Hospitals should tackle climate change by taking steps such as better preparing for natural disasters and curbing their own greenhouse gas emissions, said Ashish Jha of Harvard T.H. Chan School of Public Health at a recent Congressional hearing.
Jha, K.T. Li Professor of Global Health and director of the Harvard Global Health Institute, testified on May 15, 2019 at a House Ways & Means Committee hearing focused on the economic and health consequences of climate change.
Jha discussed a range of health effects caused by climate change. He told lawmakers that wildfires can lead to substantial increases in respiratory diseases and asthma; that high temperatures are linked with increases in heart disease and stroke; that poor air quality contributes to cardiovascular disease and early death; and that vector-borne diseases like Zika or Lyme disease can spread to new areas as the climate conditions change.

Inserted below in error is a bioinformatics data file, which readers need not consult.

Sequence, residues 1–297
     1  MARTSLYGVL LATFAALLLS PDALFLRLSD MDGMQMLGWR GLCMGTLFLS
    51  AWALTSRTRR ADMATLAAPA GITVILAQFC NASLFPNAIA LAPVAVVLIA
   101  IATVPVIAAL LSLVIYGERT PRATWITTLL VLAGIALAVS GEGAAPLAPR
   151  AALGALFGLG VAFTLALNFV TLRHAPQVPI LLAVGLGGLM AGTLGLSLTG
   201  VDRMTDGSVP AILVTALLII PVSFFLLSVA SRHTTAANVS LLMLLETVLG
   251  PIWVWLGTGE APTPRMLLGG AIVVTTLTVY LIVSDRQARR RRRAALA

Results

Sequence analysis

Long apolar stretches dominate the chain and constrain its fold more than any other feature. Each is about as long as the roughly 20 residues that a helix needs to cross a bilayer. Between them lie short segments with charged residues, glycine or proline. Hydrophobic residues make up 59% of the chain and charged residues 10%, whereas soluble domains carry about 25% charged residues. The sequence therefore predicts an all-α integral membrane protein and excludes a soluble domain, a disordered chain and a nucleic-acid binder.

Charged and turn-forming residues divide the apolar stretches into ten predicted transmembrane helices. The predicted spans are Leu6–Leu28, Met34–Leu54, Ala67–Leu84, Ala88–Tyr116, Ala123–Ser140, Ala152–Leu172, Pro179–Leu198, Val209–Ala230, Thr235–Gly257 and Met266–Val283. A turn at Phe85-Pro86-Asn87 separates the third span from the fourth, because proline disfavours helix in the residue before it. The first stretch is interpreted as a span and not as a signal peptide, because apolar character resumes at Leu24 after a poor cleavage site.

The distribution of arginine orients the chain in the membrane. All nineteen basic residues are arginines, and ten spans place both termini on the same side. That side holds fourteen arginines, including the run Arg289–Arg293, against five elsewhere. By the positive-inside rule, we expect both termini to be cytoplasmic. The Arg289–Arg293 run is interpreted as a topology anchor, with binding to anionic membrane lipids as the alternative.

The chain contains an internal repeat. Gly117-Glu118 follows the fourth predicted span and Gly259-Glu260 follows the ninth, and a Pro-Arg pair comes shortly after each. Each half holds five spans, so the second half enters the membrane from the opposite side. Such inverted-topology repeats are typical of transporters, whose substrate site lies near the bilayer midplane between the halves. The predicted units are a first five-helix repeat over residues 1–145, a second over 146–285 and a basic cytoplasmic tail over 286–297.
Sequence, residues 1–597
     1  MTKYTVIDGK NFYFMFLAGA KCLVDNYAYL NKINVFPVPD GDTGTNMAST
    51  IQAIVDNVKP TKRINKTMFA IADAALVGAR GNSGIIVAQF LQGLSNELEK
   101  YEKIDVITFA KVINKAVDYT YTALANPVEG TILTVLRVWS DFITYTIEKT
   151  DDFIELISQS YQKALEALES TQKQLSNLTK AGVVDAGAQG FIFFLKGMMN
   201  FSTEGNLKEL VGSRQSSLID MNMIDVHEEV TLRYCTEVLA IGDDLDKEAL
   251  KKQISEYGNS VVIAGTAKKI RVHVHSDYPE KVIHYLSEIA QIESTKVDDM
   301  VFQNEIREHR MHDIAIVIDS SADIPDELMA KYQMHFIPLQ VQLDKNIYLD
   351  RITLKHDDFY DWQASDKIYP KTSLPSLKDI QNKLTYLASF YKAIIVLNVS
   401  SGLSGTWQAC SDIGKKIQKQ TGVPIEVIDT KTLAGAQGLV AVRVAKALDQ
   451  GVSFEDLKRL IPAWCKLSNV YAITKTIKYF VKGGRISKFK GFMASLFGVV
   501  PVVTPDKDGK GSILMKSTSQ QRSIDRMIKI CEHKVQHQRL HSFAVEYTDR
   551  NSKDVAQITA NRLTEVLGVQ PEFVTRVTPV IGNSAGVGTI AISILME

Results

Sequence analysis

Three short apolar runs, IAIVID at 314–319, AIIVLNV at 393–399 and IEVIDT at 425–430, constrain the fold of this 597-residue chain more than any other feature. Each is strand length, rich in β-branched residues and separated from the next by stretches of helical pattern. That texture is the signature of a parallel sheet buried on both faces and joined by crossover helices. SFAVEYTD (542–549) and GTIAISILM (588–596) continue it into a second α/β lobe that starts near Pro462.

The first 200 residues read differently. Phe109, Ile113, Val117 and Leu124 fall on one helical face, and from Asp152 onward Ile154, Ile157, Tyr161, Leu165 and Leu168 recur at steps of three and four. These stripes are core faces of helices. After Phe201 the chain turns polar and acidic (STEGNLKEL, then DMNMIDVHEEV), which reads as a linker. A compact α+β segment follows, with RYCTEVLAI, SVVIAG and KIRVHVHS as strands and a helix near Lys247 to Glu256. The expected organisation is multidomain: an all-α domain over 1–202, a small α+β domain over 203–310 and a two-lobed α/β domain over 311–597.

Jha also discussed the financial costs of climate change—millions of dollars due to additional hospitalizations, emergency room visits, and outpatient visits.
Hospitals, for their part, need to be prepared to withstand extreme weather events by ensuring, for example, that the power stays on during emergencies, Jha said.
Jha addressed lawmakers’ concerns that rural hospitals may lack resources to deal with climate change issues. “Ultimately these hospitals are safety net institutions for their communities. We need them to survive storms, to do a better job of predicting heat waves, and do a better job of staffing,” he said in a May 15, 2019 MedPage Today article.
Read the MedPage Today article: Hospitals Need to Step Up on Climate Change, Lawmakers Told
Read a Modern Healthcare article: Who should pay for hospitals’ disaster preparedness?